By Alejandro Grattan-Dominguez
Prior to settling here in 1987, I had spent the previous 25 years laboring in the vineyards of the American film industry. Hollywood was then (and still is) famous for its colorful characters. However, as I already knew, Hollyweird (as it is called by some blue-nosed observers) had absolutely nothing on our own little corner of Mexico.
I knew that because of having first briefly visited Lakeside in 1963. Back then it was a haven for beatnics, one reason being that you could buy some of the makings of anything in a local drugstore! The Queen of Lakeside was the famous British actress Judith Anderson, (who had played the malevolent housekeeper in Alfred Hitchcock’s Rebecca)
One night, while under the influence (of one thing or another), she had a chair placed on a barge, and as her anxious young Mexican acolytes rowed like the prisoners in the movie Ben Hur, serenely set forth for the south shore of the lake as majestically as Cleopatra must have appeared as she floated down the Nile. Unfortunately, there was no easy way to steer the barge and once out on the water it kept making U-turns until the “Queen,” by now totally exasperated, ordered her loyal crew to Abandon Ship!
Then there was Ray Rigby, once one of England’s most-illustrious screen-writers. Having squandered his fortune, and now reduced to getting by on a pittance of a pension, he wrote in desperation to the British PM. The letter purported to come from a “third-party,” and spelled out the depths to which Rigby had fallen. To my jaded eye, the note seemed something right out of Uncle Tom’s Cabin, the only thing missing was an infant abandoned in a snowdrift.
The letter ended by imploring the PM to either drastically increase Rigby’s pension or at the least grant him an Order of the British Empire. Ray asked that I personally sign the appeal.
Two months later, I received a letter marked “10 Downing Street.” It was from the PM’s personal secretary, advising that the Prime Minister, touched by the plight of one of Britain’s most illustrious subjects, would personally look into the matter. Weeks later, Ray received notice from the pension department that “at the personal instigation of the PM herself, we have looked into your folder--and unfortunately find that we have been over-paying you for several years. Hence, we must deduct 25 pounds per month until the short-fall is made up. Sincerely Yours.” A short while later, Ray passed away. I still wonder if the two events were related. I still miss him, even after all these years.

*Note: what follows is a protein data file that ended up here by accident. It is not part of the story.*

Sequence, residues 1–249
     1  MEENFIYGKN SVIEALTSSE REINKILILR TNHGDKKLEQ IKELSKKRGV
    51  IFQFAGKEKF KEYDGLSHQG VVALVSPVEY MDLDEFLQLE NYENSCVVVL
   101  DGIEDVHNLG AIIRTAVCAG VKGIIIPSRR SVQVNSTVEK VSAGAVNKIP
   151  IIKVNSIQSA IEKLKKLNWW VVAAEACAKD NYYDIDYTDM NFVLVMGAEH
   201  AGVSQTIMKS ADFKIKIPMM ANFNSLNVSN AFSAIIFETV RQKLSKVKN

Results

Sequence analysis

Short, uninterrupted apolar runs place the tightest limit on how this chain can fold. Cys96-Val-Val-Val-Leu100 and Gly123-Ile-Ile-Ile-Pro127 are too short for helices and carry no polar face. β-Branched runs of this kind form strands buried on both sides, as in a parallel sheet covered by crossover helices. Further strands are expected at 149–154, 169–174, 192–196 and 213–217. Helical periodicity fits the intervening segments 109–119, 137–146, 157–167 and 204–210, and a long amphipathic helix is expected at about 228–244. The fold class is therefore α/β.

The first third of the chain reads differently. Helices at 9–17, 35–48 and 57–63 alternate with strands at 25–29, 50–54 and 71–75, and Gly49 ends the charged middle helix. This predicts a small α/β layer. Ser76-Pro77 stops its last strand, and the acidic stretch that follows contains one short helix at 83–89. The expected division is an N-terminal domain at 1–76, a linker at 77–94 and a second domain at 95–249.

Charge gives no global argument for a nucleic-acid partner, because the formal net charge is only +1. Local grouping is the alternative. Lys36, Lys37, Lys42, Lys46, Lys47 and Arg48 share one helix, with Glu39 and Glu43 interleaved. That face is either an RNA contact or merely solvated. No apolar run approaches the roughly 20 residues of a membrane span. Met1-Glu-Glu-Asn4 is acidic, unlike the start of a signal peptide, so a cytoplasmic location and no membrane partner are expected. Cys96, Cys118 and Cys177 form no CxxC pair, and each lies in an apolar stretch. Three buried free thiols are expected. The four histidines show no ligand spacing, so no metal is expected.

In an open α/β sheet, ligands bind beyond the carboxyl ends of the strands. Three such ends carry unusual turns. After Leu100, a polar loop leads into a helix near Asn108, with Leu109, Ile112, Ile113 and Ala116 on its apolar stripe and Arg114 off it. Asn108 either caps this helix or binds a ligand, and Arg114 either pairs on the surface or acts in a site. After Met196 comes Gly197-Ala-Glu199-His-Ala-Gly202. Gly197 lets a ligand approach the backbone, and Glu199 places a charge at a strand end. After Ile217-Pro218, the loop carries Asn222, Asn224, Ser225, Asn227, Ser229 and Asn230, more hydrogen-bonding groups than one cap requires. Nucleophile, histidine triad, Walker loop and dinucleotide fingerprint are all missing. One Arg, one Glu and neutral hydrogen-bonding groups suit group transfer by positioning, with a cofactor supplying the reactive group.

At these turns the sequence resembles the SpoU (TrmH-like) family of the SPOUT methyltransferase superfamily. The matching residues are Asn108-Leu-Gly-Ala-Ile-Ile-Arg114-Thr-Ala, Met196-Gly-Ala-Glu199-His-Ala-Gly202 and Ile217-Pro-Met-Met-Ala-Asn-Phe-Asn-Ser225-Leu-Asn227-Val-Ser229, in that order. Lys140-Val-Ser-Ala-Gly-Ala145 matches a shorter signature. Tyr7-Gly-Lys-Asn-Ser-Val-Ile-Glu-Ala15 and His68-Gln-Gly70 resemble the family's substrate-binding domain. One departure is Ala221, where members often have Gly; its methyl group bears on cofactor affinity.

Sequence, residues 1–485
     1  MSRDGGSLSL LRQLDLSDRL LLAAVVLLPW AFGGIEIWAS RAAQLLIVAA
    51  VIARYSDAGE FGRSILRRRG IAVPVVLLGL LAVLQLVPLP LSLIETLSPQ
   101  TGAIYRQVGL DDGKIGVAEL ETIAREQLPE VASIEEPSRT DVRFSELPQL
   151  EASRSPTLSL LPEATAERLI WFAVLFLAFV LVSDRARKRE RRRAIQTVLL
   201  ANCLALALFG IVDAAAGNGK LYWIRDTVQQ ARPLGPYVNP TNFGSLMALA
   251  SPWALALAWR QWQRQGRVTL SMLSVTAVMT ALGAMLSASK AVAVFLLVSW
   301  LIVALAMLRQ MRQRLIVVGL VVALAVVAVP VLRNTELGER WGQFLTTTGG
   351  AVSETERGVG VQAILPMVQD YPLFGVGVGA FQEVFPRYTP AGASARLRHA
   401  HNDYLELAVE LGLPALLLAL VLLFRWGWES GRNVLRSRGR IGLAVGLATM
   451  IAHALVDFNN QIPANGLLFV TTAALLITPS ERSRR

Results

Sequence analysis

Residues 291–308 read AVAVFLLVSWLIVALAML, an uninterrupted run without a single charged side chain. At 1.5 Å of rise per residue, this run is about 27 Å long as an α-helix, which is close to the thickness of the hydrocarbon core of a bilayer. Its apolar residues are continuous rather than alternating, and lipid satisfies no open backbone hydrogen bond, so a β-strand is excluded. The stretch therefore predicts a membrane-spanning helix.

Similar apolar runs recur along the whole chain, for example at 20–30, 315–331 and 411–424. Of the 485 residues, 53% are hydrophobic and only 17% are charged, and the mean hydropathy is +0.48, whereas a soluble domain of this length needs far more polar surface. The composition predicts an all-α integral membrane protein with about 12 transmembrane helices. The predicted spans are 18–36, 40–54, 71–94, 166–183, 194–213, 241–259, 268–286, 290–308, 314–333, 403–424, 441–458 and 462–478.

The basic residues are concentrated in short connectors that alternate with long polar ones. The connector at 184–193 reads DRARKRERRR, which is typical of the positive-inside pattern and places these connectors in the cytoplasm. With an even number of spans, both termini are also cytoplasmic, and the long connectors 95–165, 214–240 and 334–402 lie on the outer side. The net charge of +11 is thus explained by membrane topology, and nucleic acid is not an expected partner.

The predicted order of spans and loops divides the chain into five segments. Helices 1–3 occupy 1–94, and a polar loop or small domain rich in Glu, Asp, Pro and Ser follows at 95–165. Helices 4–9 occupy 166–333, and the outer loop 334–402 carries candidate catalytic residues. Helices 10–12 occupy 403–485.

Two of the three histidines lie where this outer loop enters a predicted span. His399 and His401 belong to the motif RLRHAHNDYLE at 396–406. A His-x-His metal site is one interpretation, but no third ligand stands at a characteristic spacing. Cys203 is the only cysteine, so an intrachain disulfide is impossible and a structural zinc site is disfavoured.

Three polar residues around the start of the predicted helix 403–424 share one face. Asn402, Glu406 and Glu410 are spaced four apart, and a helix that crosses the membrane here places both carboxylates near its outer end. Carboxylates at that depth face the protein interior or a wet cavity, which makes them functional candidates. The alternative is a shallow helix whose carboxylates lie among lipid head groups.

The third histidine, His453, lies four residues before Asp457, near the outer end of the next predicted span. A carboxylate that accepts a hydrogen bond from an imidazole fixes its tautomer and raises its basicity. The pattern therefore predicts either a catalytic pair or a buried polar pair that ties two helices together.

Another Lakeside character was Ian Fitzgerald, who often spent hours in the Ajijic plaza sipping wine from a goatskin. I once asked him why he drank so much. Peering at me as if I were a retarded child, he said, “Because when I drink, things look better to me. When I drink a lot, people look better. And when I finally get drunk, even you look a little better.” I tried to never again ask my friend another stupid question.
Then there was the gringo who announced that he was going to end his life by walking out into the lake. But a hundred feet into the drink, he became hopelessly entangled in the lirio and what had seemed a tragic suicide attempt instead became a slap-stick comedy routine.
Or the grande dame, (formerly a ballerina in Russia) who at age 80 rented a huge theater in Guadalajara to render a farewell performance. The audience stopped counting after she had fallen down for the tenth time, but had to stand in awe of her courage.
Or the well-known screen character actor who in the company of formerly famous screenwriter Ray Rigby (previously mentioned above) was in the habit of crawling from one cantina to another. Once, told that Ray was again “thirsty,” the actor’s wife beseeched me not to tell her husband. She was tired of having them arrive at dawn on her doorstep “yammering like old Walter Brennan.” It seemed both men sometimes lost their false teeth over the course of an evening, and she was tired of buying her husband new dentures.
Today, Ajijic is much more respectable. But every now and then, I miss the good old days. Which were never really that good—but certainly a bit more colorful.
Column: Editor’s Page
Wrote/directed first movie about Mexican-Americans, Only Once in a Lifetime-- Recently purchased with another film of his, No Return Address, by Turner Classic Movies. Lifetime premiered at the Kennedy Center in Wash., D.C. —1979. Awarded Governor’s (California) Commendation—1980. Special Award of Appreciation from the National Association of Mexican-American Educators—1981. Wrote 23 film scripts, nine of which were either sold or optioned, some repeatedly.
Established Ajijic Writers Group in 1988. Wrote seven novels, three of which were at one time in 1400 libraries in the U.S., Canada, England and Ireland. Best Screenplay Award—Mexican International Film Festival—1999. Award of Appreciation from Ninos Incapacitados—2007. Biography appeared in Who’s Who in Mexico—2007. Lifetime Achievement Award in 2012 —Lakeside Community Awards Committee. Winner of IBPA Benjamin Franklin Award in 2014 for historical novel The Dark Side of the Dream. Editor-in-Chief of El Ojo del Lago for past 21 years.
Grattan’s seven novels, as well as his collection of articles, short stories and film/ literary/political commentaries are all in the Local Author’s Section of the LCS Library.
The last motion picture Grattan wrote and directed, Only Once in a Lifetime, is now in the LCS Video Library.